Tag Archives: Lard

Piadina Romagnola

29 Aug

Piadina (in English “flatbread”), is one of the most popular dishes of the Emilia Romagna region, and it is certainly appreciated all over the country. It looks like a pastry disk, made of flour, lard, salt and water, and it is traditionally cooked either on a terracotta dish or metal griddle over hot coals. Piadina has an ancient history dating back to the Etruscans, who prepared a batter of cereals similar to piadina. For many years, this flatbread was considered a peasants’ meal because the ingredients are simple and easy to find. The traditional piadina is filled with Parma ham (prosciutto crudo), squacquerone or crescenza, fresh and tasty cheeses, quite soft and mild tasting, and of course with arugula (rocket) which gives the sandwich a zesty taste to munch on! It is also delicious when it is spread only with cheese and arugula, and a perfect foil for cold cuts or grilled sausages too; actually the choice is unlimited. It is up to you to decide how you prefer to enjoy it. It is an ideal dish for lunch, for a quick snack during the day. It can also be consumed as a substitute for bread to accompany various dishes. It is an excellent cookout bread. The homemade piadina, of course, has a distinctive flavor and aroma, but nowadays it is very common to consume pre-cooked piadina which is then heated on a griddle and then filled at the moment.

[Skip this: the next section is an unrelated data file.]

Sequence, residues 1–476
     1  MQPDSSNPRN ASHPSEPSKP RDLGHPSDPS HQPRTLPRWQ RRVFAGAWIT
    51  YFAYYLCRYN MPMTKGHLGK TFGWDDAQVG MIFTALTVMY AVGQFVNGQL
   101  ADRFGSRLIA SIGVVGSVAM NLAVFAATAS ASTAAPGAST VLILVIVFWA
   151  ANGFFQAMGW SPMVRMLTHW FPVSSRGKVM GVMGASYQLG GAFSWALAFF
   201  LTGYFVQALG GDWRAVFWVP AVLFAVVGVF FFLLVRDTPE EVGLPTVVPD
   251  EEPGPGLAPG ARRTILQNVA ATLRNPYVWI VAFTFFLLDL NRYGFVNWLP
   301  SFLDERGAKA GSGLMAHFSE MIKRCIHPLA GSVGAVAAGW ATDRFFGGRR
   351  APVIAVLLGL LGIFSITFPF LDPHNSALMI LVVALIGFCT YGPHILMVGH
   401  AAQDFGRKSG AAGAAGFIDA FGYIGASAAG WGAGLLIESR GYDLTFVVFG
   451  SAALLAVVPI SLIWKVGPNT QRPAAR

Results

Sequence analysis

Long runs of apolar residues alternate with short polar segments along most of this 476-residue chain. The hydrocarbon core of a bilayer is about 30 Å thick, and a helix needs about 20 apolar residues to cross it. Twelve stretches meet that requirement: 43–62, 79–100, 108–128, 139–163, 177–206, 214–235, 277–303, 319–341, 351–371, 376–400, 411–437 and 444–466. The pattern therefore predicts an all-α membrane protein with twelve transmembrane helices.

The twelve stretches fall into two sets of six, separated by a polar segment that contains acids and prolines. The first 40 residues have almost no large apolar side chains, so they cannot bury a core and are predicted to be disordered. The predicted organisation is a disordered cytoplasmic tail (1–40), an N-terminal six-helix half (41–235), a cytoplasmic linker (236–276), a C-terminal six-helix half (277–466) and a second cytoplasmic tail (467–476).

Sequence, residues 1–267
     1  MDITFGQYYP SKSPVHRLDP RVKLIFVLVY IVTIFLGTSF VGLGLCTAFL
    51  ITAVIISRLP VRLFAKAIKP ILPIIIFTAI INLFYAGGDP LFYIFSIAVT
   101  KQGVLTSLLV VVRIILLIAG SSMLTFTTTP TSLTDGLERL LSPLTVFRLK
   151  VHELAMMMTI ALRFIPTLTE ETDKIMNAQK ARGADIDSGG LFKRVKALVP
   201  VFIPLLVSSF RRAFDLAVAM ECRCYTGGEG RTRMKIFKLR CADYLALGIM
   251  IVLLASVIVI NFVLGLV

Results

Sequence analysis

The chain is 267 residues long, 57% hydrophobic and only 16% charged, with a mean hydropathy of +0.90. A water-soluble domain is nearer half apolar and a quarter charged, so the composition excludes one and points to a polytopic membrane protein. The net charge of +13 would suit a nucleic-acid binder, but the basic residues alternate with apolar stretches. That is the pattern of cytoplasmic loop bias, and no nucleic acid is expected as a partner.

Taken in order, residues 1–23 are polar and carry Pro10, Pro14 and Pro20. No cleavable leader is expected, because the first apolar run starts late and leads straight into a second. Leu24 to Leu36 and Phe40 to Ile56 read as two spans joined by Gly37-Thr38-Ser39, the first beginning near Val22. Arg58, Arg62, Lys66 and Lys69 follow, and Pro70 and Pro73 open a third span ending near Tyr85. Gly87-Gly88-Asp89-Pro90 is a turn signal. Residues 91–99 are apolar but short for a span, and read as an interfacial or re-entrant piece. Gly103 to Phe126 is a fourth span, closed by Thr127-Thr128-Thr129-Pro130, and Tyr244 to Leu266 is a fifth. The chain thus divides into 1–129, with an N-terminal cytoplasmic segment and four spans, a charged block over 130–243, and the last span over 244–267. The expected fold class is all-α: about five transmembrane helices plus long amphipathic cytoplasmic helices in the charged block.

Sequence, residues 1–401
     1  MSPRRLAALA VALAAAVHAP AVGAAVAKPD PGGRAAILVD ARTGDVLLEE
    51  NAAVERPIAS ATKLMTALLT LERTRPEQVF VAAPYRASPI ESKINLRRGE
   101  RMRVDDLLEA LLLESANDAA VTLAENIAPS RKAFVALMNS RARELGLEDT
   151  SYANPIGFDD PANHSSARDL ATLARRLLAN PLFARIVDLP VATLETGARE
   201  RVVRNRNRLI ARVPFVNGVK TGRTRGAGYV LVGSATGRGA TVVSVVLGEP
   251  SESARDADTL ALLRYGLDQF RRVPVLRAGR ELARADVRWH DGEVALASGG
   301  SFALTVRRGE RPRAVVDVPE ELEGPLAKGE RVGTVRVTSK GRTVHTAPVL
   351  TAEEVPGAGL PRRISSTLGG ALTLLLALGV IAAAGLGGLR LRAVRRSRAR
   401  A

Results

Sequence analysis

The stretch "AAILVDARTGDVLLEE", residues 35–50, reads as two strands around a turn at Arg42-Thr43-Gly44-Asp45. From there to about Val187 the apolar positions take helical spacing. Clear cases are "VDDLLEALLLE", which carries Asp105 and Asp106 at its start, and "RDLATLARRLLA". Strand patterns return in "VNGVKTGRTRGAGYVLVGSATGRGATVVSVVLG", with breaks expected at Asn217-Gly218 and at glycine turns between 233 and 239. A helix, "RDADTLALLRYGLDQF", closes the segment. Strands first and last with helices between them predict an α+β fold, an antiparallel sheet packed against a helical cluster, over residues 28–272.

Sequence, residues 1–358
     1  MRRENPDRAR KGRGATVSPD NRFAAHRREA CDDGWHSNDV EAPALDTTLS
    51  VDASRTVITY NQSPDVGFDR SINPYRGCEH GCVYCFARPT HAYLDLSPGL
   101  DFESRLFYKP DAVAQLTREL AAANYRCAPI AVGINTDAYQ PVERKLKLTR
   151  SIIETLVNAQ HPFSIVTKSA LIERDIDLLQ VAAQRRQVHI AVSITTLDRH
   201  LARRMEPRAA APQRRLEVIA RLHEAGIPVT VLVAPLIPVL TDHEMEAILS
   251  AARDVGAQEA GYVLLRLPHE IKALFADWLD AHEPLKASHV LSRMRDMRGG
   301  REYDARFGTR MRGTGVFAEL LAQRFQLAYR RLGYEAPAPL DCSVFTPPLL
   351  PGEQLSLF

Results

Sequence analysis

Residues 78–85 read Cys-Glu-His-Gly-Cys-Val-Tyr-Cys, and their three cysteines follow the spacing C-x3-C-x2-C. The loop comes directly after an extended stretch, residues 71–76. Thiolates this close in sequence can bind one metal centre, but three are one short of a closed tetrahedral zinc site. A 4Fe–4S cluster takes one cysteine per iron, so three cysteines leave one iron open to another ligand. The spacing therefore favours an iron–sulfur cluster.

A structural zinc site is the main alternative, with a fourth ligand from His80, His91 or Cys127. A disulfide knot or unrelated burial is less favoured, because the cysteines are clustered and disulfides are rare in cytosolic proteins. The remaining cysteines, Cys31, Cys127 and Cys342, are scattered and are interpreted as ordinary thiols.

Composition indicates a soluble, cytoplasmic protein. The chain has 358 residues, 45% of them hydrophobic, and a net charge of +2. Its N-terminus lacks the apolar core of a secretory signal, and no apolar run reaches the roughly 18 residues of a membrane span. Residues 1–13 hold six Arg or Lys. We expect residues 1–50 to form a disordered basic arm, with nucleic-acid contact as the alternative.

PIADINA ROMAGNOLA
Preparation time: 40 minutes          Cooking time: 5-6 minutes          Servings: 4

Piadina Ripiena

INGREDIENTS
500 g (3 cups) all-purpose flour
65 g (2,5 oz) soft lard
2 g (½) baking soda
6 g salt
200 ml (¾ cup) lukewarm water
200 g (7 oz) Prosciutto crudo
100 g (3.5 oz) squacquerone or crescenza cheese
Arugula

DIRECTIONS
1. Mix flour and baking soda in a bowl. Dissolve salt in the water
2. Make a volcano with the flour on the work surface, making sure to form a “crater” big enough for holding the lard. Mix well by slowly adding lard and water. Knead to a smooth and homogeneous dough
3. Cover with a cotton cloth and let rest for about 30 minutes at room temperature
4. Divide the dough into 4 balls of equal size. To roll out the dough flatbread you need a wooden rolling pin – about 80 cm (32 inch) long and 4 cm (1 ½ inch)in diameter. Sprinkle with flour and roll out the dough to a thickness of about 5 mm (⅛ inch) and make 4 discs of 23-25 cm (10 inch) in diameter. To obtain smooth edges use a wheel cutter with a smooth blade following the contour of a circular plate
5. Heat a non-stick skillet over medium-high heat, wait until it is hot and place a disc of dough on the pan. Punch with a fork and cook for about 2-3 minutes on each side. It may puff up. If it does gently press the bubbles with a spatula
6. Spread with a thin layer of cheese, cover with a few slices of ham and garnish with arugula